Quinn seeks pension vote Tuesday, says it’s time to ‘redouble our efforts’

SHARE Quinn seeks pension vote Tuesday, says it’s time to ‘redouble our efforts’
SHARE Quinn seeks pension vote Tuesday, says it’s time to ‘redouble our efforts’

SPRINGFIELD-With his political back to the wall and time running out, Gov. Pat Quinn Tuesday demanded that state lawmakers take a vote on stalled legislation designed to solve the state’s $95 billion pension crisis.

“I really feel it’s important to have a vote on some sort of structure that moves us forward. I think that’s very, very important,” Quinn told reporters at a press conference in his Statehouse office.

The governor laid down the gauntlet as Tuesday marked the last scheduled day of the General Assembly’s lame-duck session and no single pathway toward a pension solution in anyone’s sights.

Sponsors of legislation in the House didn’t call a vote on their plan Monday when it became apparent they didn’t have the 60 votes needed to pass a bill.

Quinn delivered what amounted to a lecture to inert lawmakers who were unmoved by his calls for action on pensions at first last May, then again in a special session last August, then during the fall veto session and now in the closing hours of the 97th General Assembly, whose two-year term ends at noon Wednesday.

“What I’ve heard from employers, families and businesses all across our state is we can’t allow our state economy, the Illinois economy, to be held hostage by political timidity. We have to be bold. We have to do things that are difficult. We have to take on the challenge of our times and meet that challenge. That really is what democracy is all about,” he said.

“I think it’s important to get this job done. That’s what the people want. They want the Legislature, the General Assembly, to make sure it meets the challenge of our time,” Quinn said.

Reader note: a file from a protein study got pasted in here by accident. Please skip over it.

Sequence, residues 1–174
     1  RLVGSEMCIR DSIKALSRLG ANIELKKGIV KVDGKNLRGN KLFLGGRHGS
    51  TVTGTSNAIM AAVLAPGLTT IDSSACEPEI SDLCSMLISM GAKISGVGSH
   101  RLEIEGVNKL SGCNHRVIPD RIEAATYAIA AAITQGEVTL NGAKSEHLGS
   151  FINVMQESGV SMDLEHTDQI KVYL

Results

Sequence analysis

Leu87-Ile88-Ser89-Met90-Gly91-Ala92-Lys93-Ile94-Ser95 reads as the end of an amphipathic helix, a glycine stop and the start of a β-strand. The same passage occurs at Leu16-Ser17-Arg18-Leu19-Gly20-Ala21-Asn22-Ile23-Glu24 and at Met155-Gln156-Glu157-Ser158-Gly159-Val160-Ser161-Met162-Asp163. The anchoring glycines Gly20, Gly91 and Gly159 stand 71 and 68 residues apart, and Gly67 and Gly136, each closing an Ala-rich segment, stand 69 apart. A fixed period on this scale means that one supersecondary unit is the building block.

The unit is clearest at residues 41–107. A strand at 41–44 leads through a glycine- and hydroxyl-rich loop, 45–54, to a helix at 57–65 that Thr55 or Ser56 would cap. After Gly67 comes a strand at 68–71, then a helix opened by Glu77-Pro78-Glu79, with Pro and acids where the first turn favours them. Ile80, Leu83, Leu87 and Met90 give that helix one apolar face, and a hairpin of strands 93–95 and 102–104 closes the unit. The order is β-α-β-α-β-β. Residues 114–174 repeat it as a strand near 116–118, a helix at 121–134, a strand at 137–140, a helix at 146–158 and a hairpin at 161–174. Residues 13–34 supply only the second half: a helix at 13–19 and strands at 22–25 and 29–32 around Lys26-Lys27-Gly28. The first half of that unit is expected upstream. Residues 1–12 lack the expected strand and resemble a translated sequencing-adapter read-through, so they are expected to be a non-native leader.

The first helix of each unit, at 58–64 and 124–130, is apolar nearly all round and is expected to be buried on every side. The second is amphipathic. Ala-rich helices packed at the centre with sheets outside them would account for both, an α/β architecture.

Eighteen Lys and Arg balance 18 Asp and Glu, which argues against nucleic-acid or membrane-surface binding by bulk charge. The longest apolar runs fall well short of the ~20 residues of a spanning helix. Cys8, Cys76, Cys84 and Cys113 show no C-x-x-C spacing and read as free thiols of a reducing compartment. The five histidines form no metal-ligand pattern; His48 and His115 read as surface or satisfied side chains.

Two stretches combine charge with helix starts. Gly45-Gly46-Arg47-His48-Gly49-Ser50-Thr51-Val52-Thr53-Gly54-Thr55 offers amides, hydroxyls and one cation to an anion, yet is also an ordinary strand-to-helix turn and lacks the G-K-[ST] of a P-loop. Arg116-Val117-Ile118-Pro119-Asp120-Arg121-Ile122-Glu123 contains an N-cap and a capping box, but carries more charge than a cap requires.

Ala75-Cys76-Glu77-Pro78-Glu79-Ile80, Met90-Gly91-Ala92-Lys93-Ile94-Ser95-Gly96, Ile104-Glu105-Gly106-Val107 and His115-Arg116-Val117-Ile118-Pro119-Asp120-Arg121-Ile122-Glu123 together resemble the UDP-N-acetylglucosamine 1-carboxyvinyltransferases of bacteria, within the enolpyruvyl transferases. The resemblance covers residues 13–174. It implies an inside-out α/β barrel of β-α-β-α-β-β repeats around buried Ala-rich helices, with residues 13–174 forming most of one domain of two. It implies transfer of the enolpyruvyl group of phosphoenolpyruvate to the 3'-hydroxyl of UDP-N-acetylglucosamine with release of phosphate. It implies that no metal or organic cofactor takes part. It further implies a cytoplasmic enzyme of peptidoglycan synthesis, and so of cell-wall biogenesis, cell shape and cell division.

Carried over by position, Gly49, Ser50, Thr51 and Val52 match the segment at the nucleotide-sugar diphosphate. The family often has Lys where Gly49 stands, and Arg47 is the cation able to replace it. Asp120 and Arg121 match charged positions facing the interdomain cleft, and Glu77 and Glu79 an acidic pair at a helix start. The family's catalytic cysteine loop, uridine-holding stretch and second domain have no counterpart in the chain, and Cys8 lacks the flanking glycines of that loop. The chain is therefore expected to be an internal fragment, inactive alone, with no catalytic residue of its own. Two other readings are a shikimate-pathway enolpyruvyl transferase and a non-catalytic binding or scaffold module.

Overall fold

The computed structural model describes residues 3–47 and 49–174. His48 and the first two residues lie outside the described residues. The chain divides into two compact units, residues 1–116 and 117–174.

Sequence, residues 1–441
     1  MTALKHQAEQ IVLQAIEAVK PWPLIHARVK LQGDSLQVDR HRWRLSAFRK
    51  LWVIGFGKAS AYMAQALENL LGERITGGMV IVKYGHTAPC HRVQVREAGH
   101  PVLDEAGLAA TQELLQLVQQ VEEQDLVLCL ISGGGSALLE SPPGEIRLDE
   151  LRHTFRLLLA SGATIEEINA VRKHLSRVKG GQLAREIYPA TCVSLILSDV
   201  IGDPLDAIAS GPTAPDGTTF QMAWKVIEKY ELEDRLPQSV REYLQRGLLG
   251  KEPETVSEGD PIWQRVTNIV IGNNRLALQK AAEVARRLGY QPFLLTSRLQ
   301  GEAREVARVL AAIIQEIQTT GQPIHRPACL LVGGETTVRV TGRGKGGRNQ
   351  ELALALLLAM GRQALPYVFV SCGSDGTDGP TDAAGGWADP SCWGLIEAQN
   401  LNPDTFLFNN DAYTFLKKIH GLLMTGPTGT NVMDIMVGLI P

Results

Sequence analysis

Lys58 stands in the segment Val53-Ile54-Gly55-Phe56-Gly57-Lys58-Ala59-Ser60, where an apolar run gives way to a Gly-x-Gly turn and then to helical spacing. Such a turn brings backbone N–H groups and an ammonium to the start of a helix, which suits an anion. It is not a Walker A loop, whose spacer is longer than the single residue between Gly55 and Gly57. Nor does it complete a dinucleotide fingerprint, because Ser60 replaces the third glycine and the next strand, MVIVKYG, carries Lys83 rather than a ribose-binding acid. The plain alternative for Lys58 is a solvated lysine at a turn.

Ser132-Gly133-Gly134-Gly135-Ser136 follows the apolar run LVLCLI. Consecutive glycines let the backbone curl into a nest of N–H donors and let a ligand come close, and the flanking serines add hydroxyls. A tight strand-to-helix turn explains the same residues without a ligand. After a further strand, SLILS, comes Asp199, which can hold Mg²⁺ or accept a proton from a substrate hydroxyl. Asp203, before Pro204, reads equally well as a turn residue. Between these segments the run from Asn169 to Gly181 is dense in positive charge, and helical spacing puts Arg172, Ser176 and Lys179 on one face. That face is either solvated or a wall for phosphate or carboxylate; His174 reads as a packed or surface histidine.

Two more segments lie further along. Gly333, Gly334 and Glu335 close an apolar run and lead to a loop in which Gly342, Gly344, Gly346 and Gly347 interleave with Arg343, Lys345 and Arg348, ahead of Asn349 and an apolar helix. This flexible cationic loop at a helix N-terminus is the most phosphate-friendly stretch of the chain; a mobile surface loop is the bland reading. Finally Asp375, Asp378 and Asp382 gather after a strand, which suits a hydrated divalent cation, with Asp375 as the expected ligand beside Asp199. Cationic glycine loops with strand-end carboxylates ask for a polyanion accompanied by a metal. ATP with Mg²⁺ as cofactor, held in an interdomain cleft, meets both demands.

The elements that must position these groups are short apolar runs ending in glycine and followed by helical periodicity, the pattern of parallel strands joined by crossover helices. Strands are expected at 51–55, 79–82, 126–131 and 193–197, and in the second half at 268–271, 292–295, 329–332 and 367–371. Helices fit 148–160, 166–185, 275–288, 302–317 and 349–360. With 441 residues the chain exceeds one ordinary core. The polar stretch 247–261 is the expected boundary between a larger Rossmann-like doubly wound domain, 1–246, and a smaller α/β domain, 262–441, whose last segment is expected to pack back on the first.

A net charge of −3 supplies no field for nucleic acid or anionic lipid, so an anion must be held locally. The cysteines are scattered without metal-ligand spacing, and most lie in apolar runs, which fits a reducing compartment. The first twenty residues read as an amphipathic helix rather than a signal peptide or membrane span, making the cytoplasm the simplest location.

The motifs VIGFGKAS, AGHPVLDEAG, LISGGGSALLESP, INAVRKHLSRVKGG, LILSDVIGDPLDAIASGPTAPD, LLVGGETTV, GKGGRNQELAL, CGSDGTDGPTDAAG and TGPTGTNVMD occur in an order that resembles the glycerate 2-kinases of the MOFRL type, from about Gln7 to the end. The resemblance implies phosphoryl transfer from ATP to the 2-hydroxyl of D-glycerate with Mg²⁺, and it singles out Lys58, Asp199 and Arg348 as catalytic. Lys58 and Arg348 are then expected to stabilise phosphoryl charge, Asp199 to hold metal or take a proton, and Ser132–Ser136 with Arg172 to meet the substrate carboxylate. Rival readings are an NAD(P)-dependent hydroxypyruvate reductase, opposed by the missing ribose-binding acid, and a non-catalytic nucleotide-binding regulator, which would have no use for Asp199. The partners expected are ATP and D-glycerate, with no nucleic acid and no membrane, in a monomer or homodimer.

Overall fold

The governor appeared to back stalled legislation in the House being drafted by Rep. Elaine Nekritz (D-Northbrook) and Rep. Daniel Biss (D-Evanston) while criticizing the legislative centerpiece of Senate President John Cullerton’s efforts at pension reform.

“I believe the Senate has had a point of view that got bipartisan support. But it was not comprehensive. It only covered two systems of the four major pension systems. So the Senate has to have a comprehensive plan, just like the House,” Quinn said.

The governor also didn’t single out any legislative leader by name for criticism, including House Speaker Michael Madigan (D-Chicago), whose power running his legislative chamber has been unmatched in Illinois history yet, for whatever reason, hasn’t been enough to round up the votes on a pension deal.

“I think everybody has to redouble their efforts, whether it’s the speaker of the House, the minority leader in the House, the president of the Senate, the minority leader in the Senate,” he said when asked specifically about whether he was satisfied at Madigan’s role in rounding up votes.

“I think all of us have to redouble our efforts,” Quinn said.

The Nekritz-Biss plan passed out of a House committee Monday despite claims from government employee unions it was an “illegal” breach of the state Constitution, a stance that Cullerton (D-Chicago) appeared to share.

Under the 175-page Nekritz-Biss bill, known as Senate Bill 1673, cost-of-living increases would be frozen for six years and disallowed for retirees until they reach 67. Those retirement cost-of-living increases would be based on only the first $25,000 of a retiree’s pension; pensions would be capped at the Social Security wage base or an employee’s current salary, whichever is higher; employee pension contributions would jump by 1 percent of their wages for two years.

The House plan, which would fully fund the pension systems in 30 years, would apply to four of the state’s five pension systems and, most significantly, would not give existing workers or retirees a choice of accepting reduced pension benefits.

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